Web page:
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Court Dismisses Criminal Case as Sheriff Used Courtroom Camera to Access Juror’s Notebook, Lawyer’s Notes

Law & Order

Court Dismisses Criminal Case as Sheriff Used Courtroom Camera to Access Juror’s Notebook, Lawyer’s Notes

An unprecedented unethical act by the Sheriff’s office has made the whole legal fraternity worried. Defense attorneys in San Juan County worry that Sheriff Ron Krebs has a tool to manipulate on the scales of justice after learning he used a courtroom security camera to zoom in on defense documents and a juror’s notebook during a criminal trial last week in a way not to be noticed.

The incident, however, attracted attention from criminal and civil-rights attorneys and frustration from the county prosecutors. And it led to a rare weekend hearing during which a judge dismissed misdemeanor assault and trespass charges against a man from Lopez Island after finding the incident amounted to government misconduct that had violated his fundamental right to a fair trial.

“I am flabbergasted,” said San Juan Public Defender Colleen Kenimond, the attorney whose notes were targeted. “This was a court of law, you are supposed to be safe there, and the proceedings are supposed to be fair, here, the sheriff used the courtroom to violate my client’s rights, outrageous hardly covers it.”

However, Public Defender is not alone. San Juan County Prosecutor Randall Gaylord, whose office has been affected by misconduct in the Sheriff’s Office before — distanced himself from Krebs. “I too am frustrated at what has happened here, frustrated that it has happened to cases I was involved in, and concerned about the community we represent.”

As per Gaylord, only the sheriff knows precisely what he was doing, and why. “We are independently elected officials.”

He added that no one in his office received information from the sheriff from the video in this case or any other. “We would not do that,” he said. “We do not know anything like that.

In court records, Krebs and Gaylord stated the incident was isolated and unintentional. It led from security concerns about the defendant in the case, who allegedly had threatened to stab a Lopez Island grocer.

In a sworn declaration, Krebs said he “inadvertently manipulated the camera in the District Courtroom in such a way that it zoomed in on one or more locations in the courtroom” and he said not having read or passed on anything he may have seen. He also claimed that he was unaware of the zoom function of the security camera.

However, no comments from Krebs could be fetched yet.

As per the testimony and documents, Krebs was manipulating the camera from the sheriff’s dispatch office.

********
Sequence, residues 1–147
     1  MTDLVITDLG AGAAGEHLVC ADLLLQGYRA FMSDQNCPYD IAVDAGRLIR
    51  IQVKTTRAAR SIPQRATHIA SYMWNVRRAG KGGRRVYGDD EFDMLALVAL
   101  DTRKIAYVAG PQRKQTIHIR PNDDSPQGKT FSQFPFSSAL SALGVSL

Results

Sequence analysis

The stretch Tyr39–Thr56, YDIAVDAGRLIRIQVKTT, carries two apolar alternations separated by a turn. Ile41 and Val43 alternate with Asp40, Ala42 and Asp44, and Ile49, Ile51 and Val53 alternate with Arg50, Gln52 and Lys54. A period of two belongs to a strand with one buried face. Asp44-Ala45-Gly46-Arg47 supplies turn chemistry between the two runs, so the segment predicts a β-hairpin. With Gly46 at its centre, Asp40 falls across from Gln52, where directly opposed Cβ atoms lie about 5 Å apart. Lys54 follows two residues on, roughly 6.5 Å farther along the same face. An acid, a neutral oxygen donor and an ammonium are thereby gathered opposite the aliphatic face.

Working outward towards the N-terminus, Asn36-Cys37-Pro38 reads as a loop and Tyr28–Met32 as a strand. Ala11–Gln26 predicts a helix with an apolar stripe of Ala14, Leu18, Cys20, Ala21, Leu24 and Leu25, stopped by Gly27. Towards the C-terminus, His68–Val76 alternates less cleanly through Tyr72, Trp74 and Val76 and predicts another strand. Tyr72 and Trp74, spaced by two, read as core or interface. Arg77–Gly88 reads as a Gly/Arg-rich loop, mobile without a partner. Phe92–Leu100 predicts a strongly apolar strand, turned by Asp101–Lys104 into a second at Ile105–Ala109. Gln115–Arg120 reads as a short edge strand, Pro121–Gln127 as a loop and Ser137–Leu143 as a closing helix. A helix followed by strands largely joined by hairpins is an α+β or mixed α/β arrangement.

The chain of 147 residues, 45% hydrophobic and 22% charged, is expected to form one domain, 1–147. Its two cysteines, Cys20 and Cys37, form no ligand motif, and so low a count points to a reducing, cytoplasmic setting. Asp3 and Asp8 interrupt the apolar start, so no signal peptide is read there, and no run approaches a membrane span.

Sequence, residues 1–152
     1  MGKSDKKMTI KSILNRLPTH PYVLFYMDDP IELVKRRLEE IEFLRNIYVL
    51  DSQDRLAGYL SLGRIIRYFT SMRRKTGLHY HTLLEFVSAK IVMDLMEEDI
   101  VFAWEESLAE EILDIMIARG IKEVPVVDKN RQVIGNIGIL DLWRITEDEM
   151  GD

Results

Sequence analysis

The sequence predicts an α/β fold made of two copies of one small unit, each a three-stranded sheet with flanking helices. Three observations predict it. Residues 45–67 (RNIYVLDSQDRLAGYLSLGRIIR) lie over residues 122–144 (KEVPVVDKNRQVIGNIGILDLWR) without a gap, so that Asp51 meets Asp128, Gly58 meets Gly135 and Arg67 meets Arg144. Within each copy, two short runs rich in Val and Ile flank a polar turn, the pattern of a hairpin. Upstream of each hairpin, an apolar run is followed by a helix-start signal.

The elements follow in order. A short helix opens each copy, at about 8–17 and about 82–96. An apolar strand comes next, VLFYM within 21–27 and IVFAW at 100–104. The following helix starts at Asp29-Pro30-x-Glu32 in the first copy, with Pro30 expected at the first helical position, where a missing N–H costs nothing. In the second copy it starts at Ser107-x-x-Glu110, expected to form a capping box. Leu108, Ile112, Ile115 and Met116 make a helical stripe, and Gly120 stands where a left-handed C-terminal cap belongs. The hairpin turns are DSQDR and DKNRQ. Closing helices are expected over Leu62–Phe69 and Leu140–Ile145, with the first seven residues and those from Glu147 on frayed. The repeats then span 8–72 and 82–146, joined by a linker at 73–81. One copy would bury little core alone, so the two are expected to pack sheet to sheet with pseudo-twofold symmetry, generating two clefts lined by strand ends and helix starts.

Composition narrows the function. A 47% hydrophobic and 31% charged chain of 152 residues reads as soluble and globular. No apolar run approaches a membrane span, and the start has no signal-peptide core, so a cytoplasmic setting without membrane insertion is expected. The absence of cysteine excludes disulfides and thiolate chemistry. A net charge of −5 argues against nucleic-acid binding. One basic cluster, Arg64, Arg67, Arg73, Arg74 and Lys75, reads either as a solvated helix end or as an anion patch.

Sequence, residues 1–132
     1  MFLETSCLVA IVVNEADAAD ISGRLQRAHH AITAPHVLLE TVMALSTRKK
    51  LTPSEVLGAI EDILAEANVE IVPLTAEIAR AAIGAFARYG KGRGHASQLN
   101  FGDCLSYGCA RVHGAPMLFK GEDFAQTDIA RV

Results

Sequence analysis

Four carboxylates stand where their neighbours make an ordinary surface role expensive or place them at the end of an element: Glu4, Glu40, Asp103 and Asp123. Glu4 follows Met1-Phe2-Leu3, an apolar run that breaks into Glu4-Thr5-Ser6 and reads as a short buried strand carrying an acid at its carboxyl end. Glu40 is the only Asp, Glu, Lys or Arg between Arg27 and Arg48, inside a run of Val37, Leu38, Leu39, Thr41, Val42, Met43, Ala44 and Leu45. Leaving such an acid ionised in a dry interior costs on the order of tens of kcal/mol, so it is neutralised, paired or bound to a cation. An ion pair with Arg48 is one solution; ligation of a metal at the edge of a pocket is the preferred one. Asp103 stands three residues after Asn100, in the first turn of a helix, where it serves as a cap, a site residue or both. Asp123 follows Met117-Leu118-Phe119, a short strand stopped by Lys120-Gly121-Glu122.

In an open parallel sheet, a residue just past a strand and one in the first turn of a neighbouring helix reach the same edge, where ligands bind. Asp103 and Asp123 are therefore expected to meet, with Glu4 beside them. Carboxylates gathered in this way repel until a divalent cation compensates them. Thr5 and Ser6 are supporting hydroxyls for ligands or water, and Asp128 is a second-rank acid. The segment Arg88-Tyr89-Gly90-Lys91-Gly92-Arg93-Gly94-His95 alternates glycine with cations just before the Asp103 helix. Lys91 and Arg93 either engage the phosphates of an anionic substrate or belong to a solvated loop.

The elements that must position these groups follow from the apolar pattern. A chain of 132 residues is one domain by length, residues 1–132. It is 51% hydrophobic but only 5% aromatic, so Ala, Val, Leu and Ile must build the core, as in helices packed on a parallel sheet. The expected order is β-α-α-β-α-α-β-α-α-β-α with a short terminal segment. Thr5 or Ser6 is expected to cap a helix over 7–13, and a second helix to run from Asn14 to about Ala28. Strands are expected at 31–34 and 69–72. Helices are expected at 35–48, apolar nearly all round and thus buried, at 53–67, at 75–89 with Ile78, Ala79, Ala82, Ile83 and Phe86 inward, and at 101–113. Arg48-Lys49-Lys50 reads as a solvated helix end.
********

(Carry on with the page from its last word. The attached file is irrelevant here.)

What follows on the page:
County Superior Court Judge Donald Eaton reviewed the video from the security camera during a hearing on Friday and Saturday. He then sealed that video and denied to make that public after repeated demands from San Juan civil-rights lawyer Nick Power. Gaylord also opposed releasing the video to the public as it might have security concerns.

Judge Eaton has set a hearing on February 12, and he will decide whether to make this video public or not. And in the next few days, he is also expected to issue formal findings regarding his dismissal of the case.

Power has provided screenshots from the video, and it shows close-ups of a trial exhibit, a steno book belonging to the No. 3 juror in the case and a legal pad belonging to Kenimond were introduced as evidence at the hearing and played into Eaton’s decision to dismiss the charges with prejudice, meaning they cannot be refiled. Eaton has yet to issue written findings in connection with the dismissal.

Kenimond was representing Dustin Schible, a Lopez Island resident, in what was by all accounts a routine, low-level misdemeanor criminal case before a district court jury when the misconduct was revealed. As per Power, the only thing unusual was that the case was being heard by Eaton, a retired jurist who was filling in while District Judge Kathryn Loring worked on another matter.

Kenimond also said if that hadn’t been the case that hadn’t been the case the whole incident likely would have gone unnoticed. “And that might be the most frightening thing of all,” she said.

It was Loring who noticed something was not right on Thursday, as per the court filings.

As per Loring, she was reviewing a calendar at the desk of Jane Severin, the court administrator, which has two computer monitors — one for work and the other showing clips from security cameras in and outside the San Juan County Courthouse. As far as the court documents are concerned, Loring’s attention was drawn to the movement of one of the normally stationary cameras. When she tried to look little closer, it revealed it was the camera located above the jury box in the district court, and that it was panning, tilting and zooming into the jury box and counsel tables.

Severin at Loring’s request approached the judge at a break in the case Friday. Eaton then let Kenimond and prosecutor Gaylord know of the revelation. Eaton reviewed the video, then secluded the jury Friday and started a hearing on the matter. The hearing included testimony from Loring and Severin, as well as the county’s expert in technology and Krebs.

As the hearing went on, Eaton dismissed the charges, citing government misconduct over the camera zooming in on Kenimond’s legal pad.

It is for the second time the San Juan Prosecutor’s Office has lost due to misconduct in the Sheriff’s Office in recent years. In 2016, Eaton — then sitting as a superior court judge — threw out the felony conviction of a high school teacher accused of having sex with a student after it was reported that the sheriff’s detective on the case was having sex with the victim and had lied.

Power, in the filings, to make the video public, asked several questions on the need for security cameras in the courtrooms.

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